Dominion CEO defends his cabinet's voting machines against Michigan lawmakers, denouncing a "reckless disinformation campaign."

Dec 16, 2020 Travel News

Dominion CEO defends his cabinet’s voting machines against Michigan lawmakers, denouncing a “reckless disinformation campaign.”

A day after Michigan’s 16 electoral votes were officially awarded to President-elect Joseph R. Biden Jr., a manufacturer of voting machines told senators he supported his company’s work and dismissed the unsubstantiated claims that the results could have been manipulated.

Dominion Voting Systems is the victim of a “dangerous and reckless disinformation campaign aimed at sowing doubt and confusion over the 2020 presidential election,” John Poulos, company chief executive, told the Senate Oversight Committee of State.

The company has been criticized by supporters and lawyers of President Trump, who have claimed without evidence that the company’s voting machines passed votes from Mr. Trump to Mr. Biden.

Mr Poulos assured the committee that his company had no connection with House Speaker Nancy Pelosi, former Democratic presidential candidate Hillary Clinton, or George Soros, the billionaire financier who is a subject of theories of the right plot.

“The comments about setting up our company in Venezuela with Cuban money with the intention of stealing elections are beyond bizarre and are complete lies,” Poulos added. “My business started in my basement, which was in Toronto.”

State Senators, who are investigating allegations of irregularities in the 2020 election, have continually returned to tiny Antrim County in northern Michigan where human error in the clerk’s office local related to the software update in some vote tabulators caused votes for Mr. Trump was inadvertently counted for Mr. Biden. The error was detected and corrected before the voting results were certified. Mr. Trump’s supporters have pointed to the error as evidence of widespread election fraud.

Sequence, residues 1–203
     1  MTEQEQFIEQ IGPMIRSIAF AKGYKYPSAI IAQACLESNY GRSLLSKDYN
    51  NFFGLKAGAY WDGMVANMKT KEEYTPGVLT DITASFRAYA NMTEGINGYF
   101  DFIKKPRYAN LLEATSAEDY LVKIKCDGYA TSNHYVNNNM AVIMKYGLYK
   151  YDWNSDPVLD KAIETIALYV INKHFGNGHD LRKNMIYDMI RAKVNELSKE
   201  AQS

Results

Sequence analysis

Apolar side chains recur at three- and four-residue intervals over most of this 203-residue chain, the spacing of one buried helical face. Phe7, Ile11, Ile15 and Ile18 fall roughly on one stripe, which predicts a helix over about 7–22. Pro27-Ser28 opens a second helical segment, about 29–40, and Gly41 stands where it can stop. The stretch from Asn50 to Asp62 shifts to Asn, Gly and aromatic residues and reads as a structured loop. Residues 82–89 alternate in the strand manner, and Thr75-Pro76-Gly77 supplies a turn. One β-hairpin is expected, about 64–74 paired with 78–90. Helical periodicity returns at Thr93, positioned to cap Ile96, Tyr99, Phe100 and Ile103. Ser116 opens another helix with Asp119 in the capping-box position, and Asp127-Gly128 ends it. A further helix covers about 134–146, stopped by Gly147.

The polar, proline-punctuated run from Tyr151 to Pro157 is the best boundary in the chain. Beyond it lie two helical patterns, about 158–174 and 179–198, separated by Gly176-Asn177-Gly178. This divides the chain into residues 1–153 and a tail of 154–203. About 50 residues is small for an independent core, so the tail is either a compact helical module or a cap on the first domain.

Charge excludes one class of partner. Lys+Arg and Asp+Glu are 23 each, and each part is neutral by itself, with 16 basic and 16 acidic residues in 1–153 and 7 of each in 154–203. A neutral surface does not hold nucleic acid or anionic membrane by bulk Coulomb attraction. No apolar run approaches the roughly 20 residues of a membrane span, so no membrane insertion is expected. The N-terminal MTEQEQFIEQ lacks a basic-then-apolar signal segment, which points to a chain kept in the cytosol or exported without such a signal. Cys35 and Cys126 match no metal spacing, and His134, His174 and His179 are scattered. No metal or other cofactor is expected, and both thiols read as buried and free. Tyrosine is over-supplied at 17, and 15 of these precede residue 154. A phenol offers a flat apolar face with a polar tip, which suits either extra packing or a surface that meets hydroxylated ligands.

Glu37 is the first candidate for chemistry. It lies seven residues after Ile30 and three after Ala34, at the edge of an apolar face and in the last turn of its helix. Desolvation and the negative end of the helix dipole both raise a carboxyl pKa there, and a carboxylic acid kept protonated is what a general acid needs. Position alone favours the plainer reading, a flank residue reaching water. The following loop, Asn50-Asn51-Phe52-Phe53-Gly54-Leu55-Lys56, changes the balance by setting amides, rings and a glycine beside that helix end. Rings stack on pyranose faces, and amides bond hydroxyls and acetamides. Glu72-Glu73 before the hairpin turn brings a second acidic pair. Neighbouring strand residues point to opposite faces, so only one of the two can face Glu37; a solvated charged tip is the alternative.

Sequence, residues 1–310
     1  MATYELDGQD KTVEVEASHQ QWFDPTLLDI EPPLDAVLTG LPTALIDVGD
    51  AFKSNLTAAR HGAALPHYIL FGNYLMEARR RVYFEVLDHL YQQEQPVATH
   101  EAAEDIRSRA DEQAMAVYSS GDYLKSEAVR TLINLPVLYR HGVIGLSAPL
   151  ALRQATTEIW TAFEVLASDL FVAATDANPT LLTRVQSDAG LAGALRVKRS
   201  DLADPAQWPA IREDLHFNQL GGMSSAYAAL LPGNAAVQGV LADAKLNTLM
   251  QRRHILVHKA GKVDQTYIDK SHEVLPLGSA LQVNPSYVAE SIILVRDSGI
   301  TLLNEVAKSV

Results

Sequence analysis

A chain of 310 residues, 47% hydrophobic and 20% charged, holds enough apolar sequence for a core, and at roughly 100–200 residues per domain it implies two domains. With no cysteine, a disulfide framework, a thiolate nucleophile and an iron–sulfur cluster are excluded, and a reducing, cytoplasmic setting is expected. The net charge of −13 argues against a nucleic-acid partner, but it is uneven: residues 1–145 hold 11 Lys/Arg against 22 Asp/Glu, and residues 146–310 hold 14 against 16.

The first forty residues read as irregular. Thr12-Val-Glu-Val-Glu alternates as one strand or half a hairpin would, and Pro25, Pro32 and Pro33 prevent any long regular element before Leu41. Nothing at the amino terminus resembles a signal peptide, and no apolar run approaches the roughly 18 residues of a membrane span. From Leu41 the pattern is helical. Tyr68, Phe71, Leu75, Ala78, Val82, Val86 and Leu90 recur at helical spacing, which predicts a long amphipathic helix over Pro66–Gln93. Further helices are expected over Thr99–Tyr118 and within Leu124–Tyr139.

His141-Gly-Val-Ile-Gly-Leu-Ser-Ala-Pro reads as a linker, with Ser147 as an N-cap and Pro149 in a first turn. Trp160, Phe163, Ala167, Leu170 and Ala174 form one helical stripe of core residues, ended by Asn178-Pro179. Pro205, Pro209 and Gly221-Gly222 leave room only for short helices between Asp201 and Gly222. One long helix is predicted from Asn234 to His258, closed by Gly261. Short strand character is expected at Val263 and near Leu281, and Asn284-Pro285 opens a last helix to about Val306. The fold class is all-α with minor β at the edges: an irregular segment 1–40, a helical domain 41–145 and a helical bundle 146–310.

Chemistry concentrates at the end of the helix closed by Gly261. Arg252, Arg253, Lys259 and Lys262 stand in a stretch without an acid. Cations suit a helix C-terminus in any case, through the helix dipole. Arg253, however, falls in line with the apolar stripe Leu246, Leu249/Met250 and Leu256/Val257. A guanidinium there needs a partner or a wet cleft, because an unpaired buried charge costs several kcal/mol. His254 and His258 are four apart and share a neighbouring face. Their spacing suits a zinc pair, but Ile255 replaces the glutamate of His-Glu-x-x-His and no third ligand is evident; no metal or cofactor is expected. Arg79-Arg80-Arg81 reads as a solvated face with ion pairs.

“If all tabulators had been updated according to our procedure, there would have been no error in the unofficial report,” Poulos said. “Human errors happen, especially during busy election years when election officials work tirelessly on weekends and holidays for months on end.

He dismissed as seriously flawed a report by a self-proclaimed electoral fraud expert on the County Antrim situation that was cited by Trump allies.

Lawmakers have also repeatedly asked questions about a variety of other unsubstantiated allegations, including that the Dominion’s tabulators were connected to the Internet and, therefore, susceptible to being hacked; and that the machines used choice voting in Michigan.

“Would it be impossible to manipulate anything,” asked State Senator Michael MacDonald, a Republican.

“I don’t think so, but if it was possible it would definitely be detectable,” Poulos replied, noting Michigan’s use of paper ballots. “If there was any manipulation of the system, those paper ballots would not match the machine totals.”

While the committee cannot do anything to alter the results, it plans to continue investigating the election, with plans to subpoena clerks from the city of Detroit and Livonia, two Wayne County towns that have attracted national attention last month after Republicans said the Solicitors Council initially opposed certification of election results due to minor irregularities.